Tier 7 solutions include all the major components being used for a Tier 6 solution with the additional integration of automation. This allows a Tier 7 solution to ensure consistency of data above that which is granted by Tier 6 solutions. Additionally, recovery of the applications is automated, allowing for restoration of systems and applications much faster and more reliably than would be possible through manual business continuity procedures.
Part 2. Define where your company stands right now.
Part 3. Answer the following question (Optional):
What is holding you and your company back from achieving Tier 7 in Disaster Recovery?
4. Major Issue # 1. Real Life Solution Video
Now, let’s get back to the question I asked you at the beginning (because you are probably dying to know the answer by now, right?)
That question was:
What do you need to do to become pre-emptive?
Well, instead of just giving you the answer to that, let me give you an example of being pre-emptive in your DRP and BCP approach.
And, if you are still not convinced as to why you should strive for Tier 7 in Disaster Recovery, let me demonstrate a Tier 7 Solution to you in a real life case scenario.
In the video “Database Down: Winning The Operational Challenge” Wally Casey, VP of Sales of Tivoli Software shows how Tivoli Software helps users not only to restore their systems and data after disastrous event, but also demonstrates how the software allows to visualize, monitor and automatically restore all business processes and underlying systems in real time, reducing the necessity of developing Recovery Point and Recovery Time objectives altogether!
Click here to view Part 1 “Visualization. Monitoring. Automation.”
Click here to view Part 2 “Storage. Security. Automation.”
Right in front of our eyes we can see how failure occurs, visualize what is happening, control what’s happening and automate the response – all in real time!
If this is not pre-emptive approach in action – I don’t know what is, Ladies and Gentlemen!
So, after learning about Disaster Recovery Tiers and watching the Tier 7 Solution in all of its pre-emptive beauty, can you give me an honest answer to the following question:
Do you still want to hang on to the past and try to become a Master of Restoration? Or it’s time to start looking into the future and eventually become a Pre-emptive Visionary?
The decision is entirely yours, I am just here to show you what’s now available – at no additional costs to you.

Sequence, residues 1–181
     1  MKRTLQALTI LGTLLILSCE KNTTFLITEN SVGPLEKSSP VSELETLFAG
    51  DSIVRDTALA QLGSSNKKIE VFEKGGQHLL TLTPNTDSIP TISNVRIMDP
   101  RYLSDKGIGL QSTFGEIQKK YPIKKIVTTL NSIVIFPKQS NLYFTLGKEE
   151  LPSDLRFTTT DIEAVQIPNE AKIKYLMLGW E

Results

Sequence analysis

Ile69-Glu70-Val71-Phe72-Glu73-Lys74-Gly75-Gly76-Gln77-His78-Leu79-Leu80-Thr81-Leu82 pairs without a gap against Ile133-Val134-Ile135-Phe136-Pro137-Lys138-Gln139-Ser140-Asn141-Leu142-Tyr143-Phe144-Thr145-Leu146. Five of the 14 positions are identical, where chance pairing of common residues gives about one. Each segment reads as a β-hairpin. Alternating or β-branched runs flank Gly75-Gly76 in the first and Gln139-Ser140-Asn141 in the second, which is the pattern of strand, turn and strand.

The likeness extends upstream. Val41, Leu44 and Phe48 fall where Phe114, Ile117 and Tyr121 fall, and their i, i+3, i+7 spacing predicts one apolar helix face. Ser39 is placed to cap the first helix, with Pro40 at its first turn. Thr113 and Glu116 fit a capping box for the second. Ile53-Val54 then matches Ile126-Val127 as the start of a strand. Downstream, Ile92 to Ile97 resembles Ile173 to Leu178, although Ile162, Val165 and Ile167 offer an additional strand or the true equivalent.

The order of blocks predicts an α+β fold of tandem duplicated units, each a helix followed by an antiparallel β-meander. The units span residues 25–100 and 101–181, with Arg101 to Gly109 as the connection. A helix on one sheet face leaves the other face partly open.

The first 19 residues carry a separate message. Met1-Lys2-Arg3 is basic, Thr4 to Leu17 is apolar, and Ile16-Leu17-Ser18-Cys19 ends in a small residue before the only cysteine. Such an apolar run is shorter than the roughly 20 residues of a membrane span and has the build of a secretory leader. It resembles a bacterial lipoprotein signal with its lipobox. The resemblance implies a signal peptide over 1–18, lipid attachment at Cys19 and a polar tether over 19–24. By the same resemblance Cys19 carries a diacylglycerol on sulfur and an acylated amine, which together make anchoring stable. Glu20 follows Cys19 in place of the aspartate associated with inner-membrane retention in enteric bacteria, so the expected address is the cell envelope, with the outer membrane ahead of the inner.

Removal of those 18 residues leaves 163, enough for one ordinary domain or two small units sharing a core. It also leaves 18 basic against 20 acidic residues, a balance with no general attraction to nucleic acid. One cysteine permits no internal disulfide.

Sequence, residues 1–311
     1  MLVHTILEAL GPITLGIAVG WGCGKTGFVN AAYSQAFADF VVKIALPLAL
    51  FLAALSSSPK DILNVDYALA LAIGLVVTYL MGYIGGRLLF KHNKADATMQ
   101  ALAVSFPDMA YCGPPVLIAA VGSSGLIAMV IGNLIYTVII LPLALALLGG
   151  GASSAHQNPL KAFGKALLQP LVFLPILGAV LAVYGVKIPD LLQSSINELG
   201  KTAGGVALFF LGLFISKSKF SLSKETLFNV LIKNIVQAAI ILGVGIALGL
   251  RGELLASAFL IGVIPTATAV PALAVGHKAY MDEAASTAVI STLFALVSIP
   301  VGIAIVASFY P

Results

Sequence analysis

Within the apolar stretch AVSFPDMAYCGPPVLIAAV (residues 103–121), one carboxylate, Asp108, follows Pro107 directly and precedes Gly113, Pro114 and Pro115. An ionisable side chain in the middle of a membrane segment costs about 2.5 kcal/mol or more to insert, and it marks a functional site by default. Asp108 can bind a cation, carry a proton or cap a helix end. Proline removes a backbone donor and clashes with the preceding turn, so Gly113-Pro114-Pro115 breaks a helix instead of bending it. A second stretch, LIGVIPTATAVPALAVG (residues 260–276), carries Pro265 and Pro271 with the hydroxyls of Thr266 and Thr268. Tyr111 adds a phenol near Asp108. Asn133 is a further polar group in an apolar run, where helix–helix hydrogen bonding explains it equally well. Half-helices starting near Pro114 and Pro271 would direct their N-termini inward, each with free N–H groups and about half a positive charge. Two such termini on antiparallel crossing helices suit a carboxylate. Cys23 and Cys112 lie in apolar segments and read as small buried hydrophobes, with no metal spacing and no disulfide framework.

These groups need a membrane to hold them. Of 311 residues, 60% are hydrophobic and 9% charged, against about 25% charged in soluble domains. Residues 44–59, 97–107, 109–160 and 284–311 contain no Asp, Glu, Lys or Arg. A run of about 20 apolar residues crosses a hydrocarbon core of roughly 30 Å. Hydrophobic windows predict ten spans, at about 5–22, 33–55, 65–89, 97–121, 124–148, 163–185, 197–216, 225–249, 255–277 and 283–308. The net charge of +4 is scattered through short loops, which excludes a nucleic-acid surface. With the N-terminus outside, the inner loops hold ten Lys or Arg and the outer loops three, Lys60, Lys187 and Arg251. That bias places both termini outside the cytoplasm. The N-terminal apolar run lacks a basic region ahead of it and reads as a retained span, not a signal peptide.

But, before we conclude, let me show you what can be done about Major Issue # 2.
5. Major Issue # 2. Expert Opinion Video
“Herding is the act of bringing individual animals together into a group (herd), maintaining the group and moving the group from place to place—or any combination of those.” (Wikipedia)
If you remember, I’ve pointed out earlier that Major Issue # 2 in Data Management and Data Recovery is Data Proliferation, that nasty pile-up of data on our PCs and Storage Devices that was too valuable to be discarded or simply had to be kept for reporting and auditing purposes…
If you remember, the question was:
How to address the issue of ever-growing Storage needs without increasing the associated costs? Again, just like in a previous case, I want you to arrive to the answer on your own.
Yes, of course! I have another “Real Life Case Study” Video up my sleeve. This time it’s coming from Ron Riffe, one of the Storage Management Experts who addresses the magnitude of the Data Proliferation issue and how this issue can be dealt with correctly.
That is, instead of “Herding Storage” you can start “Manage Storage” and become pre-emptive in your Storage Management strategy as well.
Here’s the Expert Opinion Video for you:
~ Conclusion ~
Let us summarize what we’ve learned together about DRP and BCP Solutions today:
- Restoring your systems and data after disaster can be painful and costly. It requires professional intervention and causes a lot of frustration
- It does not have to be that way if your Disaster Recover Planner chooses to be proactive (Pre-Emptive Visionary), as opposed to reactive (Master of Restorations)
- There are 8 different Tiers in Disaster Recovery (including Tier Zero – trust me, you don’t want to be amongst those!) that determine success of your DRP and BCP strategy and, ultimately, define the survival rate of your company
- There are solutions out there that help you deal with the major issues in Disaster Recovery and Business Continuity Planning, such as Tivoli Provisioning Manager and Tivoli Storage Manager
- My role was to show you the scope of what is available. Whether or not you and your organization chooses to use these solutions – is entirely up to you.